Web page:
9 Designer Tips to Maximize Small Bathroom Design
Small baths can live large when designed with care. Choosing the right materials, fixtures, and fittings is key, as is thoughtful spacing planning and a considered emphasis on scale. For ideas on how to make the most of a compact bathroom, we turned to interior designer Lawrence Duggan, principal of Manhattan-based, full-service residential interior design firm LD Design, which specializes in custom kitchens, bathrooms, and built-in cabinetry. Here’s a roundup of his recommendations:
1. Establish a focal point.
“Keep color, pattern, materials simple,” says Duggan. “Do not load up with details, but do introduce one element that is bold or intricate, such as an elaborate mirror or pendant fixture, to create a focal point. As well, original artwork can have a huge impact in a small space.”
2. Include clever storage.
“Use a wall-hung vanity rather than one that sits on the floor,” says Duggan. This type of unit not only creates an airier feeling in small space but also eases maintenance. “Recessed medicine cabinets and toiletry niches also take up less visual space,” he says. “I even recessed a small magazine niche in the wall next to the toilet in one bath. It was very functional and took up no space.”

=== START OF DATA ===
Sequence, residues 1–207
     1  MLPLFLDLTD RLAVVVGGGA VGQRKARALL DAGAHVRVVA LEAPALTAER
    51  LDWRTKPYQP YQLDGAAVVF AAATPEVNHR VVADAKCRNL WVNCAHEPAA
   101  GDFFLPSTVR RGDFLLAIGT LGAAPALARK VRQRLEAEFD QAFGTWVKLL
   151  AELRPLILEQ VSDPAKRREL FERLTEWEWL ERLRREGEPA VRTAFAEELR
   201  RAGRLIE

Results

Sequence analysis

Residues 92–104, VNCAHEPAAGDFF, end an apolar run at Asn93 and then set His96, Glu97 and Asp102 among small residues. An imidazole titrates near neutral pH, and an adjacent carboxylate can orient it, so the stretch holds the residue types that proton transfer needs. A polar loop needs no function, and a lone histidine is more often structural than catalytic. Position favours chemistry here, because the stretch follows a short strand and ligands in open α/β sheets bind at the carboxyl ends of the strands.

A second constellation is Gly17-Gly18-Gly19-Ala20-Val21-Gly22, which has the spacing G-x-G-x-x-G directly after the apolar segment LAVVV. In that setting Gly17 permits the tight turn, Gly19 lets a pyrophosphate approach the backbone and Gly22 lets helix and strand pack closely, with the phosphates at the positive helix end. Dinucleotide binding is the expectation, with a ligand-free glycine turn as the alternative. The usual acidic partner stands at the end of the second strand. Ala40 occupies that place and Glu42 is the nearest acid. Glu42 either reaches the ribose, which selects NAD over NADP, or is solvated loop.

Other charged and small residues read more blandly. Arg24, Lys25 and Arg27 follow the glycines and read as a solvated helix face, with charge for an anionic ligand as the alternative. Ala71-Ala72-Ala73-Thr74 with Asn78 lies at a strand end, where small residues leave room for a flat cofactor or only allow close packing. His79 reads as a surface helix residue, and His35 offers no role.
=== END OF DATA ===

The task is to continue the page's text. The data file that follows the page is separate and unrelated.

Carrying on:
3. Opt for frameless shower doors.
“Use clear glass to maximize visual space,” Duggen recommends. “They are also easier to clean than shower curtain liners.”
4. Add interest with a mix of tile sizes.
“I like to use large (24″x24″ or larger) tiles with minimal grout lines that match the color of the tile,” says Duggan, noting that a consistent tone gives a sense of more room. “That said, I also like to mix it up by using small tiles on the floor with large tiles on the walls or vice versa. The juxtaposition keeps things interesting.”
5. Employ both direct and indirect lighting.
“Use recessed lighting if possible over the tub or shower and sconces or wall lights at the mirror,” Duggan suggests. “Decorative lighting should be slim-lined. Try to find fixtures that have subtle details that won’t overwhelm.”
6. Use a variety of materials.
In addition to tile, Duggan likes to layer in marble, wood, metal, and paint to bring in subtle textures with polished and honed finishes. “Polished tile walls work well because they reflect light,” says Duggan, who recommends selecting a honed stone countertop for balance.
7. Stick to one type of metal finish.
“Mixing brass hardware with nickel faucets is not clever,” says the designer. “It’s just confusing.”
8. Be judicious with color.
“The color palette in a small space should be simple—using one main color in a variety of shades throughout is soothing and calm,” Duggan notes. “In fact, I prefer all painted surfaces to be the same color—even the ceiling. If you introduce a secondary color, do it in small splashes.”
9. Go vertical.
“When space is tight, put a hotel shelf above the door or high in the shower for towels,” says Duggan. “Or, in the bath of one of my clients, who stood 6’6″, I created a custom recessed medicine cabinet that measured 24″ wide and 50″ tall. He could reach those high shelves!”